FringeReview Scotland 2015
Khaled has lost a brother. He thinks that starting a choir, in Wishaw shall help him cope and bring some disparate people together from within a community. It does for a while before the disparate nature of people, like a diaspora brought together through geography causes tension, secrets to spill and arguments to take over. Khaled then disappears before returning to celebrate another member of the choir taking her turn to wander.
As I entered one of my favourite venues to endure my least favourite genre of theatre I had trepidations; thank fully they did not multiply once the drama began. This is a play with a great deal of music but it serves as a backdrop and a platform for the drama. Rather than shoe horned in, the music sings along with the narrative. It is a very good structure which means I am not facing songs that spring out of nowhere to be sung at me. Very quickly I went from wondering whether this was a musical or a play with music to sitting back, forgetting dichotomies and just enjoying it; it caught me and I was not alone.
The response to this piece was warmth and affection – and not too few standing ovations. It was more than just the recognition that Deacon Blue’s Ricky Ross had something to do with it. It was that the characters resonated, the relationships rang true and the performances were sufficiently nuanced that we got caught up in their narratives. There were some familiar faces onstage and names in the programme but the Tory Councillor was as convincing as the zero hour contract Sports Direct seller.
The vehicle which was to have a choir where every member had to bring a song that meant something to them which they then had to teach the rest drew out the subtleties of sub text. The business man’s wife, aforementioned councillor, sang about capitalism. The pained ex con sang about pain. The thing that it did to all was to draw the sub conscious into the dialogue. Music became more than the muse it was the gateway into unwritten melody and unsaid thinking.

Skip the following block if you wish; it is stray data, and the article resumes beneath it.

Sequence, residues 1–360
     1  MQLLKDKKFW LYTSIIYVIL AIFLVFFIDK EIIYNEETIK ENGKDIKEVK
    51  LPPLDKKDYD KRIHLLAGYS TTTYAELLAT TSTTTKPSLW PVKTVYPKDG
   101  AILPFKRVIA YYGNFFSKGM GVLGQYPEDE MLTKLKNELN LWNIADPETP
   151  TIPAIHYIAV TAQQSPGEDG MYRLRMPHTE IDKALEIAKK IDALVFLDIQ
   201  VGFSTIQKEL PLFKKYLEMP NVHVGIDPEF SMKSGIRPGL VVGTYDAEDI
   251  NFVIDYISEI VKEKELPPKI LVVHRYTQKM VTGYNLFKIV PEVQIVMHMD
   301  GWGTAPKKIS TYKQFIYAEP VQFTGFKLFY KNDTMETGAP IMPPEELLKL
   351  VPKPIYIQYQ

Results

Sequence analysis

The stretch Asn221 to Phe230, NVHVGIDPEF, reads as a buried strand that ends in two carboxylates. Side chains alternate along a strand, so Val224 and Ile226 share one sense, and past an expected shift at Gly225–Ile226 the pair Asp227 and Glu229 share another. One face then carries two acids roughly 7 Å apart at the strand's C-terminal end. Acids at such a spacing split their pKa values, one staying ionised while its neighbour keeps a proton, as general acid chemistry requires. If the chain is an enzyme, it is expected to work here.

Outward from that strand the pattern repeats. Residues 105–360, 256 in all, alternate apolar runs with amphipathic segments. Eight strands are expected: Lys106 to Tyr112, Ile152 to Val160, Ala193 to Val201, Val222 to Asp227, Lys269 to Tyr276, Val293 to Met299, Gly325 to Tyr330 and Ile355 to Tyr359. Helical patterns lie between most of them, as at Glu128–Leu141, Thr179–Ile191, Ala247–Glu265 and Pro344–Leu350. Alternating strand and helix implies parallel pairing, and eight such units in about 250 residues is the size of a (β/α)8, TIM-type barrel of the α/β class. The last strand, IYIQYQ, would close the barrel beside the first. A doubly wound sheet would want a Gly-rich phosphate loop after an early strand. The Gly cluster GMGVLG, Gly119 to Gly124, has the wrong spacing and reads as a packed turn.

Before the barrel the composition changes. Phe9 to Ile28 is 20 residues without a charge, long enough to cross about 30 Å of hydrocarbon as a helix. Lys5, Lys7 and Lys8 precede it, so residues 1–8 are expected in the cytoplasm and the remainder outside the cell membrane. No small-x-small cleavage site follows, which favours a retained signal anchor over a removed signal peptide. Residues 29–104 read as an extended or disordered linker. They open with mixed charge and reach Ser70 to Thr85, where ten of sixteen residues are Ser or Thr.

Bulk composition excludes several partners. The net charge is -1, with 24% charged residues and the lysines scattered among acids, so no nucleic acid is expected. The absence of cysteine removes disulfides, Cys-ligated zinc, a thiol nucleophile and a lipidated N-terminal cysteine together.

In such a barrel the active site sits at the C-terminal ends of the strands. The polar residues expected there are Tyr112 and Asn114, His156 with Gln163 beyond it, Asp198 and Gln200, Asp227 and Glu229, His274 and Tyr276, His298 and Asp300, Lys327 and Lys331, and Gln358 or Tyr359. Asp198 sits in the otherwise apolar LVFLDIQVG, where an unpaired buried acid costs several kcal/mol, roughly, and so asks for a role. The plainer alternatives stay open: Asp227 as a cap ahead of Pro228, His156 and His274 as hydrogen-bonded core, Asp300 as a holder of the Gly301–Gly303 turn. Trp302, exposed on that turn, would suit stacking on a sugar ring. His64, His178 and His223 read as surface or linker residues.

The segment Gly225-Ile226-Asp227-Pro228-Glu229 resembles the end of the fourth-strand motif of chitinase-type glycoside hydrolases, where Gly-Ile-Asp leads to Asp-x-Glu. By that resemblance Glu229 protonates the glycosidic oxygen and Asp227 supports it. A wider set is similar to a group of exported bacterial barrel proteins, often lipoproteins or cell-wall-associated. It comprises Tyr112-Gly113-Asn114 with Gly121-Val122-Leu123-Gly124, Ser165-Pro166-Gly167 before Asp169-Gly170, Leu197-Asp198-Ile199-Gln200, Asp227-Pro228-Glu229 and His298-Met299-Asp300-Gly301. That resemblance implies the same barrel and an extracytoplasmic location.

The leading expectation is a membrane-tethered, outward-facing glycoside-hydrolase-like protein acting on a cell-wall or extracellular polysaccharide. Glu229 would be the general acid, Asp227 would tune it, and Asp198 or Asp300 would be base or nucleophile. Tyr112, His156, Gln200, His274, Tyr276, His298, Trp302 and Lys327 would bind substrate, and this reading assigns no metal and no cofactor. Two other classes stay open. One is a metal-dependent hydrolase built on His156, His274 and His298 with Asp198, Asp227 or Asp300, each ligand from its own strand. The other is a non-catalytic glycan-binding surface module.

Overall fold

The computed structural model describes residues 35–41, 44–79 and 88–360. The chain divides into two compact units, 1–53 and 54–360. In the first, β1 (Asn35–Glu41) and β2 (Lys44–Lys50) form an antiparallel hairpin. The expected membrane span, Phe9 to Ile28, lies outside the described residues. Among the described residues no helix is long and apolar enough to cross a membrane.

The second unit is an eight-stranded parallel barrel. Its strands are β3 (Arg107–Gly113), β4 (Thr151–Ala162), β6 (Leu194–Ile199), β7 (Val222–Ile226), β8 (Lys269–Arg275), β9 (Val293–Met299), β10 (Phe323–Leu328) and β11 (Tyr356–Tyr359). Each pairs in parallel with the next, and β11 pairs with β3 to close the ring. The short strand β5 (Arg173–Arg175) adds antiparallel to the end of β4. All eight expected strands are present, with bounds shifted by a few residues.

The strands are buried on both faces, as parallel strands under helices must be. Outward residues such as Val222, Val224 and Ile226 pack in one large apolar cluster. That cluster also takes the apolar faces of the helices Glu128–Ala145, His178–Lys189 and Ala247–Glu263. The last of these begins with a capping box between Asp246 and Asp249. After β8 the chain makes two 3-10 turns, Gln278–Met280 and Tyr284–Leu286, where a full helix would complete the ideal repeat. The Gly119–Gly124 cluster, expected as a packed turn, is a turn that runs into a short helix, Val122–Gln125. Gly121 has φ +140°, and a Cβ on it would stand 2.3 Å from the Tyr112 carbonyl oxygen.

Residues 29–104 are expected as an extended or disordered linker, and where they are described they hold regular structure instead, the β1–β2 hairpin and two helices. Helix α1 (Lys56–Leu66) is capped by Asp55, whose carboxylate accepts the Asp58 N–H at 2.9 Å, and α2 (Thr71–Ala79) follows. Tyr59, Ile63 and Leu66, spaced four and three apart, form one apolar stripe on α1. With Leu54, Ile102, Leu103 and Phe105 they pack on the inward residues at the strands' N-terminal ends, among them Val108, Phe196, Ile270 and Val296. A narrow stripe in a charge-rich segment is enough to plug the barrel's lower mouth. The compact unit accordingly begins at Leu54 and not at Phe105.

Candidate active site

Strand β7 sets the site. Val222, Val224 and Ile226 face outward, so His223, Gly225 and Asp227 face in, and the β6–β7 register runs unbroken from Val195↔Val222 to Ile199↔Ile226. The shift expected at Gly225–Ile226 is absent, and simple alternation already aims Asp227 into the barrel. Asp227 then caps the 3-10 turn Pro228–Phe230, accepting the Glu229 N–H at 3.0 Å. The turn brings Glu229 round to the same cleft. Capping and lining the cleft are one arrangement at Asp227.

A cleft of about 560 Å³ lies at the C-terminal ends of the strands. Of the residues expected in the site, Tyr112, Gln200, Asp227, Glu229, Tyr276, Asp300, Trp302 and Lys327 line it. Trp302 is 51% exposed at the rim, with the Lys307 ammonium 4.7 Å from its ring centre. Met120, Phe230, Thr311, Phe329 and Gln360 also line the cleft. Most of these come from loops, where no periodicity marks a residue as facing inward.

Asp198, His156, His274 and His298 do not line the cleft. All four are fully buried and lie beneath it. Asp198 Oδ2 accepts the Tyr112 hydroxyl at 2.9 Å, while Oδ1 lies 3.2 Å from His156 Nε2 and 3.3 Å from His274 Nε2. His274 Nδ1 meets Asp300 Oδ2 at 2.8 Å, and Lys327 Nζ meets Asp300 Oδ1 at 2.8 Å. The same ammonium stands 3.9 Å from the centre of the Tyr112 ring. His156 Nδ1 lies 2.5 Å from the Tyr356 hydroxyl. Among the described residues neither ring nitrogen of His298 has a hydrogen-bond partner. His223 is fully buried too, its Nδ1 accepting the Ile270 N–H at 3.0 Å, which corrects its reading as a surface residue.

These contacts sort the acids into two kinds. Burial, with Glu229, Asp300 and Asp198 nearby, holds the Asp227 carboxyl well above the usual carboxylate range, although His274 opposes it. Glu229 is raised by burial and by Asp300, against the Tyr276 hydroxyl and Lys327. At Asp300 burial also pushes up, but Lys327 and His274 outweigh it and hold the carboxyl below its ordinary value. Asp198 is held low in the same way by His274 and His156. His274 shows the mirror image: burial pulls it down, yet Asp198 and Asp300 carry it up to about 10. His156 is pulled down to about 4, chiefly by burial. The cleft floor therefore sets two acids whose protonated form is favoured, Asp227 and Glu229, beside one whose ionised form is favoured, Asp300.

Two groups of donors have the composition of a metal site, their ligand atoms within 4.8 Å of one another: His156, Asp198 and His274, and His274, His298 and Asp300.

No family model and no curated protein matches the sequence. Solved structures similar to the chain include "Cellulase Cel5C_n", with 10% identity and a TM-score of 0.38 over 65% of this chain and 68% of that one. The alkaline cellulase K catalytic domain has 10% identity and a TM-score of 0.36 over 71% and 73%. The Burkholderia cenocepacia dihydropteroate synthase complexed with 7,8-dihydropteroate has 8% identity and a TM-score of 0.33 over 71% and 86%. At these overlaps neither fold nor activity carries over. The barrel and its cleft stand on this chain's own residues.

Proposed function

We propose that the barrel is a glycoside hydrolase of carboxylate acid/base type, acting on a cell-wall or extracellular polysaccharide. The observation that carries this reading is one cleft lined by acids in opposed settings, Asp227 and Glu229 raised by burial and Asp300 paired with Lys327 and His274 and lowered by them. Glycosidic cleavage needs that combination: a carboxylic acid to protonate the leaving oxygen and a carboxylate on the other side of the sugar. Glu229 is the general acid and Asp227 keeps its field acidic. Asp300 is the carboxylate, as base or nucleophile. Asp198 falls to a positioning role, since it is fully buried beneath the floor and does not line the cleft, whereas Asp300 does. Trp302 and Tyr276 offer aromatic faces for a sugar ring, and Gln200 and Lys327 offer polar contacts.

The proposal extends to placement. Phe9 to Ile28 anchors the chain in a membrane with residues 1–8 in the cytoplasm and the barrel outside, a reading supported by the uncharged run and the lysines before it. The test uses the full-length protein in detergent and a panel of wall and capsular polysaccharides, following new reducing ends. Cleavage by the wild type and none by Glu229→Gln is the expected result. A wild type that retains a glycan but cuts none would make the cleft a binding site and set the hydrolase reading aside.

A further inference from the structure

On a couple of occasions I did wonder about the text but these were fleeting and no sooner had I thought we may stray into cliché and caricature than we were off onto the deep and meaningful story of tender love or lonely loyalty. The script also avoided the obvious and refused to find resolutions where ones would have felt forced or clunk in the narrative. It was not, though, afraid of giving us a happy ending with the romance back on track.
All of this was conveyed by a cast that mastered it all with ease and aplomb. It’s great to see Sandy nelson playing broody and Peter Polycarpou demonstrates why his origins were in musical theatre. Myra McFadyen is a delight and demonstrated how one scene can capture an entire play when she was introduced. All of the cast gave polished and brilliant performances but special mention must go to Scott Reid who played Scott. If there was the threat of a cliché it will always come whilst playing a typical Glasgow ned – all raised hands and unhappy expletives. Reid managed to drag Scott into the centre of his scenes whilst not forgetting to allow others to support his bullishness and aggression. His scene with Johnson Willis in Sports Direct was a great favourite of mine. It showed just how good this young actor is, though with such a sterling cast behind him I am sure he learnt a massive amount from those around him.
To say that I liked this would be an understatement. The set was tremendous and gave us the old hall feel as a strong starting point. The music was by Ricky Ross… enough said. The styles and the feeling of genuine respect for the notes were evident. Technically there was no bum notes either.
This is a co production with the Ambassador Group and this seems like a hit on their hands. I hope that once the hands have stopped clapping, the feet stomping and they finish taking the mickey out of my name they can get on with a tour; some things should just not be kept in Glasgow.